The first bill, the No Taxpayer Funding for Abortion Act, seeks to establish a permanent, government-wide prohibition on federal subsidies for abortion and for healthcare plans that cover abortion. It would make permanent the so-called Hyde Amendment, which restricts federal funding but must currently be reintroduced every year.
BoehnerJohn BoehnerLobbyists expect boom times under Trump Last Congress far from ‘do-nothing’ Top aide: Obama worried about impeachment for Syria actions MORE said the bill, sponsored by Rep. Chris Smith (R-N.J.), co-chairman of the Congressional Pro-Life Caucus, is a priority for the GOP. It will be numbered H.R. 3, coming right after the repeal bill that passed the House Wednesday.
Republicans also said they would introduce the Protect Life Act, which seeks to rewrite provisions of the healthcare reform law to ensure that it does not allow for taxpayer funding of abortion. The bill is modeled after an amendment to the House reform bill introduced by former Rep. Bart Stupak (D-Mich.) that didn't make it into the final law.
"When the healthcare reform bill was signed into law last year, the administration chose to shut their ears to the will of the American people and move forward with a plan to expand abortion access," said the bill's sponsor and chairman of the Energy and Commerce health subcommittee, Rep. Joe Pitts (R-Pa.).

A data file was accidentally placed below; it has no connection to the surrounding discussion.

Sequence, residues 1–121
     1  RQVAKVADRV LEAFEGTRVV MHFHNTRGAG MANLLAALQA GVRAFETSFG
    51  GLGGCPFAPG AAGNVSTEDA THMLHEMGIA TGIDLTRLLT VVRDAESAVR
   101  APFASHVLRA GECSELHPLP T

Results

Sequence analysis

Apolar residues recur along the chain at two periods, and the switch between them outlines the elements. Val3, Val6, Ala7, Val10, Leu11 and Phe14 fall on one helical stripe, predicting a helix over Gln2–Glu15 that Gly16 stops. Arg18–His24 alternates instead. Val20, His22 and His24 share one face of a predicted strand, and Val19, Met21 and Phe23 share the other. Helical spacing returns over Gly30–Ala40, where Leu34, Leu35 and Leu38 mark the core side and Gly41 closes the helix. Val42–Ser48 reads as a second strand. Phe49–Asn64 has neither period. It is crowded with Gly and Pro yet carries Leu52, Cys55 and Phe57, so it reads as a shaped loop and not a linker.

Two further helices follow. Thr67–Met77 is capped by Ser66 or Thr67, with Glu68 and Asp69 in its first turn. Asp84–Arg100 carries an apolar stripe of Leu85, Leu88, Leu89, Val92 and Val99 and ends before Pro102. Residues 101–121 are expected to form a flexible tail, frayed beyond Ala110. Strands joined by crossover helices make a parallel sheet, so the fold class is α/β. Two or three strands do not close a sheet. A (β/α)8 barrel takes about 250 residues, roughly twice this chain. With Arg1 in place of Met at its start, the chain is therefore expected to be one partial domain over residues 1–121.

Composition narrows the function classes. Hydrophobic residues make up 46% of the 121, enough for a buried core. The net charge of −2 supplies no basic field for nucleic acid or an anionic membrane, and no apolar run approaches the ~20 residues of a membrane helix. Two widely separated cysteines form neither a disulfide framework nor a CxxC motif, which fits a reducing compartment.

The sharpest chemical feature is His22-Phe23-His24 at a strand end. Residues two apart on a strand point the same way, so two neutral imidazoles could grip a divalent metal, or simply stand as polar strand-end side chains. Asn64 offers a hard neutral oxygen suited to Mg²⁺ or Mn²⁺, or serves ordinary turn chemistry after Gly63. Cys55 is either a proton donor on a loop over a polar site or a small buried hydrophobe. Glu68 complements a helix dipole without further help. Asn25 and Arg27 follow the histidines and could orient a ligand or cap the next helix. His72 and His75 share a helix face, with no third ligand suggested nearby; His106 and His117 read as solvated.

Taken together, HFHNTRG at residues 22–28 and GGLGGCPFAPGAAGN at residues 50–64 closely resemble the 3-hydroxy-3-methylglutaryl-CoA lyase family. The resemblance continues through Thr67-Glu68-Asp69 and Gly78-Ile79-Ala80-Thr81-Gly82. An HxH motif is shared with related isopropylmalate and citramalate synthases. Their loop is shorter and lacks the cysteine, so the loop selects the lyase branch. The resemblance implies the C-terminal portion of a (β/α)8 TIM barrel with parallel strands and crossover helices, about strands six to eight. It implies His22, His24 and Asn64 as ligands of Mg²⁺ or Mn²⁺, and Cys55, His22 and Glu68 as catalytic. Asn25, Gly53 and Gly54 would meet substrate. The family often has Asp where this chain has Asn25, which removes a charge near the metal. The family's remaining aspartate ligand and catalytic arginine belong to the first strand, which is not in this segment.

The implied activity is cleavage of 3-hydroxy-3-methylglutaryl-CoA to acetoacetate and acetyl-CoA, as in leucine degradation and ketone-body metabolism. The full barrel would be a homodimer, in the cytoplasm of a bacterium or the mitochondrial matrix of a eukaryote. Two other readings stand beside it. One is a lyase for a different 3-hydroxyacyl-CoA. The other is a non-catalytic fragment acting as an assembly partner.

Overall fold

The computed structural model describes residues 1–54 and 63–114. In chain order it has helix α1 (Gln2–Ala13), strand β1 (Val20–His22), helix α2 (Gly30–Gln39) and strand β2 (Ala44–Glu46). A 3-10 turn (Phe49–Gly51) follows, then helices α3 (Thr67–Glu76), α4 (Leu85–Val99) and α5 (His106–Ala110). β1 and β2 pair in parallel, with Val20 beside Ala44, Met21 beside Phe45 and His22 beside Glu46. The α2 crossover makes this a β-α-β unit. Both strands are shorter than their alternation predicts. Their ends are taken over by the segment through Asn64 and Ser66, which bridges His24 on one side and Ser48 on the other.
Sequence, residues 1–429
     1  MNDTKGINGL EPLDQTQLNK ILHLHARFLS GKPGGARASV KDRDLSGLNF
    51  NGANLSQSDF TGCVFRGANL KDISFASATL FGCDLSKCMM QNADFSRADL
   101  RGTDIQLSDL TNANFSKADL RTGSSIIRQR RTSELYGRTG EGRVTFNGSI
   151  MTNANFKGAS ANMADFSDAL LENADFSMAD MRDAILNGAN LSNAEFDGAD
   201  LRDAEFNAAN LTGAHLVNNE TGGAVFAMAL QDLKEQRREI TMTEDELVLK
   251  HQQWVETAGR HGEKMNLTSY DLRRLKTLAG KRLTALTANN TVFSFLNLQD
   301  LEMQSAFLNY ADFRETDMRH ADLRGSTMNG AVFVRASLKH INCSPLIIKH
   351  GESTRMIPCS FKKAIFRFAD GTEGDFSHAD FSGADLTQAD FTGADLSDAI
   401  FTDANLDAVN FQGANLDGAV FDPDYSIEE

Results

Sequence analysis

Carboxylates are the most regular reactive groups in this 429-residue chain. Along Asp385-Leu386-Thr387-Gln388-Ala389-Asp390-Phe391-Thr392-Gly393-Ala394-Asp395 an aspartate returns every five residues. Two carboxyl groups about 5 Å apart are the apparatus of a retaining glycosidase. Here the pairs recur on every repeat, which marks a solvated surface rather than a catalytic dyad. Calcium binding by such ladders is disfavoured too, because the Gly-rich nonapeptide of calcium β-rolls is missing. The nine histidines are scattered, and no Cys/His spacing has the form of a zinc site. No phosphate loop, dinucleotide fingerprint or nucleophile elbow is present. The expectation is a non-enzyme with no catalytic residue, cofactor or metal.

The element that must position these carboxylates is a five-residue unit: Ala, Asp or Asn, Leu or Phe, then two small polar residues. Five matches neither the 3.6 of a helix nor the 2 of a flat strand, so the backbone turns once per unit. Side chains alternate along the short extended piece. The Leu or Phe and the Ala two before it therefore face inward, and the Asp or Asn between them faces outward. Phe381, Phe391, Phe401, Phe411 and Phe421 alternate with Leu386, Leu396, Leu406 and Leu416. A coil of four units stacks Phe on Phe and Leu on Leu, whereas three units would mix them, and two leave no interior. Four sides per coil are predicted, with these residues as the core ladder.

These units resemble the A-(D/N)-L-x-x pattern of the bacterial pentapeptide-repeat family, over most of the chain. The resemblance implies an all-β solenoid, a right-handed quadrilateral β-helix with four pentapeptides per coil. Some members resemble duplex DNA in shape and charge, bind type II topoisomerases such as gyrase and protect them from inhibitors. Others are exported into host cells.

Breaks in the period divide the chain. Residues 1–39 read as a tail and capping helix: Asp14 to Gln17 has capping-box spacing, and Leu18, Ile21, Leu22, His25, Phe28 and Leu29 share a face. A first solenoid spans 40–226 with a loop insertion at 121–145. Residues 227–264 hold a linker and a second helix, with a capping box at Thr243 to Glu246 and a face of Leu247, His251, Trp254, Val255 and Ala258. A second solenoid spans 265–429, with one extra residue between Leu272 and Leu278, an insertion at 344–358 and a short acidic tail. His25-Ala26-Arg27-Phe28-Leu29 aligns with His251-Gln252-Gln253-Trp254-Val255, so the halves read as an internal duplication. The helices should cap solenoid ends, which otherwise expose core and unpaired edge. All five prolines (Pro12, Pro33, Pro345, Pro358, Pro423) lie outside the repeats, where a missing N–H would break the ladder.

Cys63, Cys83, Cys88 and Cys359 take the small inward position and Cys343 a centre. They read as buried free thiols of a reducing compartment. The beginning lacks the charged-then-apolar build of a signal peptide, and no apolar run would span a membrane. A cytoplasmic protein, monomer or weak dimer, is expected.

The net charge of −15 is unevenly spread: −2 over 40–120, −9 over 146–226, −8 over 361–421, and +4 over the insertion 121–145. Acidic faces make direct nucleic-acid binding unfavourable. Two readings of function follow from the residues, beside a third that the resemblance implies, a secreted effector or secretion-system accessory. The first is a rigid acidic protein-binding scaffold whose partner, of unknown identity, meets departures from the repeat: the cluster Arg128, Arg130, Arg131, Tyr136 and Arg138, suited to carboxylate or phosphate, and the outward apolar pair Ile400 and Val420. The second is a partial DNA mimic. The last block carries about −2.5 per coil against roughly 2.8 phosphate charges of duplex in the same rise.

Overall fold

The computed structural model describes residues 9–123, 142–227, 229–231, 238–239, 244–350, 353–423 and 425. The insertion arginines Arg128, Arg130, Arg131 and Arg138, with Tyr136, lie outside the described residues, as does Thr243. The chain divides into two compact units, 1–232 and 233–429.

The Obama administration says a presidential executive order already clarifies that the healthcare reform law doesn't allow for federal funding of abortions. But concerns have already come up with high-risk pools and community health centers funded by the bill.
"Clearly," Boehner said, "there's an awful lot of doubt about where the administration really is on this issue."
Another controversial aspect of the legislation is its so-called conscience protections. The Smith bill would not only protect individual healthcare professionals such as nurses from participating in abortions against their will, but would allow entire hospitals or healthcare plans to refuse to cover the legal procedure. The New Jersey Republican said one issue was healthcare entities with conscience concerns not being able to merge with others unless they agreed to start providing abortions, which Smith called a "shake-down."
"We define entity very broadly, as it should be," Smith told The Hill.
NARAL Pro-Choice has vowed to fight the provision.
"It's not our belief that people should be forced to provide medical services that they oppose," Policy Director Donna Crane told The Hill earlier this month. "It is our belief that women deserve the services that are appropriate and legal in this country, and that medical corporations have an obligation to provide them."
Rep. Dan Lipinski (Ill.), co-chairman of the Congressional Pro-Life Caucus, is the main Democratic co-sponsor of both bills. He voted Thursday for the Republican House resolution directing committees to start drafting bills to amend the law.
Asked why he didn't vote for repeal after voting against passage, Lipinski answered, "We all know that repeal is going nowhere."
"I believe ... that we should use the time instead to make changes, make fixes to this law," he said.
Anti-abortion groups disagree, however, and have warned that they'll take Lipinski to task for his vote on repeal.
"Anybody who votes against repeal is saying there's no problem regarding abortion in the bill," Susan B. Anthony List President Marjorie Dannenfelser told The Hill earlier this month. "When you know you've got a chance to do the right thing, you don't put it off."